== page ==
On September 10, 2019, the National Labor Relations Board (the “Board”) adopted the “contract coverage” standard for determining whether a unionized employer’s unilateral change in a term or condition of employment is a violation of the National Labor Relations Act (the “Act”). See MV Transportation, Inc., 368 NLRB No. 66 (2019). This decision overruled 70 years of Board precedent, which required collective bargaining agreements to clearly and specifically show the union waived its right to bargain over a changed employment term. The employer in this landmark case was represented by Ryley Carlock & Applewhite Shareholder, Kerry Martin.
Under the contract coverage standard, where an employer is defending against a unilateral-change allegation by asserting that contractual language privileged it to make the disputed change, the Board will assess the merits of this defense by first undertaking a limited review of whether the parties’ collective bargaining agreement covers the disputed unilateral change. The Board stated that it will give effect to the “plain meaning of the relevant contractual language, applying ordinary principles of contract interpretation;” and, if the alleged disputed change “falls within the compass or scope of the contractual language,” the Board will find the employer had the right to act unilaterally. Id. at *11. Therefore, the Board will no longer require that the agreement “specifically mention, refer to or address the employer decision at issue.” Id. Where the Board finds that this limited review of the parties’ contractual language does not cover a disputed unilateral change, the Board will next consider whether the union clearly and unmistakably waived its right to bargain over the change. Under this more expansive analysis, the Board will consider the parties’ bargaining history, past practice, and relevant contractual language to determine whether the union waived its right to bargain regarding the disputed change. Thus, the clear and unmistakable waiver test is still relevant as a potential second-line defense to employers’ unilateral action.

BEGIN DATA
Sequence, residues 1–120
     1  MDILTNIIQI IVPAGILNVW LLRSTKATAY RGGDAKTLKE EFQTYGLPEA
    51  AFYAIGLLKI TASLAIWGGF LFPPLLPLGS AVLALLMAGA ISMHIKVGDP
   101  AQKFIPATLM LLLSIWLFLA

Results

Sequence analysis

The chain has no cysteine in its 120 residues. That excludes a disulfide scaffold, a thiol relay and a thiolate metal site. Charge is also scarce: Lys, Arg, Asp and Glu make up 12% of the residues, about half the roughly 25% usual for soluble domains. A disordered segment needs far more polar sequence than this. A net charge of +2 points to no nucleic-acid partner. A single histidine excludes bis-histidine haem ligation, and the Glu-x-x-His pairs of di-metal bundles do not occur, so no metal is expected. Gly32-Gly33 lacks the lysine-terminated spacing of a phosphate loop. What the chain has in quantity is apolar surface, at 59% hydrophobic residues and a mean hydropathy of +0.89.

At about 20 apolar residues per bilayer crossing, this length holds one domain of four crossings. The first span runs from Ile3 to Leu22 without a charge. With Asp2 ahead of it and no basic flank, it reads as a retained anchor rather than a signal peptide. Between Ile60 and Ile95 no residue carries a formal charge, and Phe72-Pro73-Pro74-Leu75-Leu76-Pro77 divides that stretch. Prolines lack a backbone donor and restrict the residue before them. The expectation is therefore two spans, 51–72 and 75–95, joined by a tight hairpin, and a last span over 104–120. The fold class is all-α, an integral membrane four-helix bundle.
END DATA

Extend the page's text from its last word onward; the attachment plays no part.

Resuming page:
In MV Transportation, the Board emphasized that its decision does not remove any meaningful limits on unilateral employer action. Instead, the Board reasoned that the contract coverage test “rightly gives effect to the limits—or absence of limits—upon which the parties have themselves agreed.” Id. at *10. Indeed, a number of circuit courts applying the contract coverage standard have rejected employers’ defenses on this basis because the literal and plain language of the agreements at issue did not support the employers’ unilateral changes. The Board also clarified that the contract coverage standard will apply retroactively to all pending cases before the Board in whatever stage.
The Board’s adoption of the contract coverage standard is likely to prompt companies to propose broad and generalized management-rights provisions, as opposed to specific and detailed management-rights provisions that were favored under prior Board law. Unions will undoubtedly push back against contract proposals that essentially waive the employer’s duty to bargain over changes to terms and conditions of employment during the term of a collective bargaining agreement.
The Amalgamated Transit Union Local 1637 has filed a Petition for Review of the Board’s decision in MV Transportation with the Ninth Circuit Court of Appeals. Additionally, due to the fact that Board members are appointed by the President and the tendency of Board decisions to reflect the partisan views of the executive, how long this standard endures may depend on the outcome of the 2020 Presidential election. One thing is for certain, this decision puts the spotlight on the terms negotiated by parties in their collective bargaining agreements.